Many of us feel we generally know how to write a resume. We’ve seen resume templates online, reviewed examples shared by friends, attended classes where taking a stab at an initial draft was a homework assignment. However, few of us understand how to tell a story with our resume that will make a lasting impression on its readers.
As a content strategist, I work a lot with individuals who want to revamp their resumes. Whether you are looking for a new job or applying to a competitive graduate program, resumes remain a quick, easy and introductory way for employers and admissions officers to get to know what you’ve done and—mostly importantly—what you are capable of doing.
So, how do you build an effective case for yourself in a small space?
1) Consider the length.
A general rule is, if you’re just starting out (3-5 years of experience in your industry), stick to a page. If you’ve got a lot of experience—and the position calls for seasoned individuals—don’t be afraid to go over a page. However, remember, the person or people receiving this document will be overwhelmed with dozens of other submissions. So the longer you make it, the more deeply you should scrutinize every bullet to ensure it warrants the extra space.
2) Choose an appropriate format.
With the advent of services like Canva, people are going crazy making out-of-the-box resumes, hoping that aesthetics will up their chances of getting through to HR. But keep in mind that a lot of resumes go through an Applicant Tracking System (ATS), which auto sorts your resume based on how well it matches pre-set criteria. Pretty resumes make an impact in person, but can be difficult for an ATS to pick up, meaning, even if you are a 99% match with the criteria, you might be overlooked. Additionally, aesthetics can cut into the space you have to demonstrate why you are right candidate for the job. My two cents: bring the pretty document with you in person, if you score an interview, and submit the easy-to-read doc online.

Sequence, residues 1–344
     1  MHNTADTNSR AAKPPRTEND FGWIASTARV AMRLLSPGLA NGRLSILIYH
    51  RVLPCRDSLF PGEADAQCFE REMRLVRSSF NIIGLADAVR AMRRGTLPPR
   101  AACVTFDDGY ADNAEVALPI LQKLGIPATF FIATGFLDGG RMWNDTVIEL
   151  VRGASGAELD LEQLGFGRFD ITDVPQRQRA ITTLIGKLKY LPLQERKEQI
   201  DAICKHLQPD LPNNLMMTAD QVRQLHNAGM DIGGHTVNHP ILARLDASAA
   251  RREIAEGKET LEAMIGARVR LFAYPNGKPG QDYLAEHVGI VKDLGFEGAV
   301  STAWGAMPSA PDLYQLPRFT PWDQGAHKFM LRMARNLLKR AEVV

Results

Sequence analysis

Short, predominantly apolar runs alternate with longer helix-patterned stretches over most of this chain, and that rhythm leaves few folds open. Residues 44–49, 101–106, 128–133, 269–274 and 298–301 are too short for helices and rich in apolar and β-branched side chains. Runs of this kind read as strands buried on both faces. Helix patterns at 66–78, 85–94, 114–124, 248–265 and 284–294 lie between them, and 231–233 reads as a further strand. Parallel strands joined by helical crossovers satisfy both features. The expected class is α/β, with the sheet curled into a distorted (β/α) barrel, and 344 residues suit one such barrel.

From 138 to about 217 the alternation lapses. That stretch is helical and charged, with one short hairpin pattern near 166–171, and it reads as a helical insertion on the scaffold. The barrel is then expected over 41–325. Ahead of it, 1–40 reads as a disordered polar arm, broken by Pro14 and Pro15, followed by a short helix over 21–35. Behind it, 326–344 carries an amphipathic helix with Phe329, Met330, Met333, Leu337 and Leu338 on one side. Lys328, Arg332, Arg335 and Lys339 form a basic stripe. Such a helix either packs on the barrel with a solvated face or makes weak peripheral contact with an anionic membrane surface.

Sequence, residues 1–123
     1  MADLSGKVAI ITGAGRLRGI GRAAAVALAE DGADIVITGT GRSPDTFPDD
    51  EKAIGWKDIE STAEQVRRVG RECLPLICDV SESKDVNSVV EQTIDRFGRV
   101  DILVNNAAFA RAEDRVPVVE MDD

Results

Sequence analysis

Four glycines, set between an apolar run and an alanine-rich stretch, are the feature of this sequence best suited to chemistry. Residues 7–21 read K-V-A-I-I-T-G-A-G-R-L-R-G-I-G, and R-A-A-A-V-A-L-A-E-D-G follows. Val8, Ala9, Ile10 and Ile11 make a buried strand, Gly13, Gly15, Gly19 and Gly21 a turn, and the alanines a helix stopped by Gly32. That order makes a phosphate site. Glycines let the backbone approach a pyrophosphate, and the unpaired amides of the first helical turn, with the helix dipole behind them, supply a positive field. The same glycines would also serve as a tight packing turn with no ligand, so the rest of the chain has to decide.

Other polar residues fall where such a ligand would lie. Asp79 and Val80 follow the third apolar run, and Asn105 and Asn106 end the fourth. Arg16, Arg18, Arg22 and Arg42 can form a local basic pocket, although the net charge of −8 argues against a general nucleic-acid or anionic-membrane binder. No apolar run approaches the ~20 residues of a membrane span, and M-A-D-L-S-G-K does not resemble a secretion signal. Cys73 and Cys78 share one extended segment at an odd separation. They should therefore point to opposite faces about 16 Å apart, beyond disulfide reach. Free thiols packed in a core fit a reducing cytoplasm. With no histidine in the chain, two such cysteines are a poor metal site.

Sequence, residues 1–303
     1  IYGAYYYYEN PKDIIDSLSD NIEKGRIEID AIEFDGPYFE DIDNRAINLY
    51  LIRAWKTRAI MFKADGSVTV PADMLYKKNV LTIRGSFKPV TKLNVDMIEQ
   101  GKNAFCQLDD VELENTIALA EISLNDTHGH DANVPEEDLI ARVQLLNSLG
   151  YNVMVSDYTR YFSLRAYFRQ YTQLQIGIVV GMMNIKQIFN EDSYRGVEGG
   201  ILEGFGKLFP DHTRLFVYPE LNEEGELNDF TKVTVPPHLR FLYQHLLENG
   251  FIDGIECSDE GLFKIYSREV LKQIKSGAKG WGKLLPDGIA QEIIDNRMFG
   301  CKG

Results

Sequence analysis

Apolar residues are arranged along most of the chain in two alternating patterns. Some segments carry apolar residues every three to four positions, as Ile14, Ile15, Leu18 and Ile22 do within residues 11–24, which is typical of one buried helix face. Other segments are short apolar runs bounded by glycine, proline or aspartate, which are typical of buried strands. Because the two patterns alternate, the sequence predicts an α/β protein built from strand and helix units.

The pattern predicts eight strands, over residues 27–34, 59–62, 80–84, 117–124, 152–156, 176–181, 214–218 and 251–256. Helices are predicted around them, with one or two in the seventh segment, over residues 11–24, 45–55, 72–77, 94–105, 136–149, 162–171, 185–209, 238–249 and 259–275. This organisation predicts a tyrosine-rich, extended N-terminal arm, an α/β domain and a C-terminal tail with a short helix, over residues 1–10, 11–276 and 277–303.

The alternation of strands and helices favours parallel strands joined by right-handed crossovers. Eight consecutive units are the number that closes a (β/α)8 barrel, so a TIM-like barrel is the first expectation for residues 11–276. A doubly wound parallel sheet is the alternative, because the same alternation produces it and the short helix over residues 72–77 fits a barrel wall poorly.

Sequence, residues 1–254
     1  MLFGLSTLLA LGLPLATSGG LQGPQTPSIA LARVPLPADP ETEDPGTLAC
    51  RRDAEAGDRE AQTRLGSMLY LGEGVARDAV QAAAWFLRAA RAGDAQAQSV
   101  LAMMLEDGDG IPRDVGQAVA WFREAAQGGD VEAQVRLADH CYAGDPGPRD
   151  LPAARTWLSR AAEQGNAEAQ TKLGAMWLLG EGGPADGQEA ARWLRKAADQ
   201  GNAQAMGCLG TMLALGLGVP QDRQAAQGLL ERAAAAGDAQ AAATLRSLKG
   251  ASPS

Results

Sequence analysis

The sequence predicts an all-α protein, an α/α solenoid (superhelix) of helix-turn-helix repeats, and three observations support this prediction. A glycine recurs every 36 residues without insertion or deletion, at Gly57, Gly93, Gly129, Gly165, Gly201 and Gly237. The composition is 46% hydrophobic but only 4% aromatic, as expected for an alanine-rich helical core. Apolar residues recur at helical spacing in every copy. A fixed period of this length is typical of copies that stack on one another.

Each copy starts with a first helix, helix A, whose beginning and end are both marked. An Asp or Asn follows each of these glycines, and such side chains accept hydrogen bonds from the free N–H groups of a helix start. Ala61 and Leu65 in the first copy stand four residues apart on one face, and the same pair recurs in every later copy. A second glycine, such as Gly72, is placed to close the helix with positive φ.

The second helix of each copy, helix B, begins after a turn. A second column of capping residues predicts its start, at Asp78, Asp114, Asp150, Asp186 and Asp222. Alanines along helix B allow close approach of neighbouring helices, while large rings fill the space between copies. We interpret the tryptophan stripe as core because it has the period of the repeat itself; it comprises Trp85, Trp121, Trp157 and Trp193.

3) Customize your content.
Your resume should not be the exact same for every job you apply to. In fact, it should almost always be a little different, depending on what aspects of your experience you need to highlight to show you are a strong match for the job you are seeking. Look at the job description and especially the qualifications list. Be sure to speak to these requirements, and to include relevant keywords from the post in your resume.
4) Start with a summary.
Objectives are a thing of the past. It is pretty clear that your objective is to get a job in education if you are applying for a job in education. Instead, a brief summary that highlights your career-wide achievements gives your reader a quick snapshot of what you have accomplished and what you are passionate about.
5) Put your best foot forward.
Recruiters who are pressed for time tend to skim your resume. I know it sucks, especially after all the time you put into choosing every single detail, but it’s the truth. Most, however, will always read the first bullet under every job, meaning you better make it a good one.
6) Watch your language. :)
Ostensibly, a resume is about sharing what you’ve done with someone who has no idea. But the thing about telling someone what you’ve done is that the laundry list, while perhaps effective in showing your range or workload, fails to demonstrate your impact. Focus on sharing results and omit the details that simply enumerate your duties (e.g. filing, organizing, corresponding). Once you figure out the right story to tell, make sure you use words that demonstrate action, leadership and engagement. And if you have numbers to back up your claims, even better!
Resume writing is a daunting task. If you still have questions on how to gear your resume up for your next job search, networking event or portfolio submission, definitely reach out!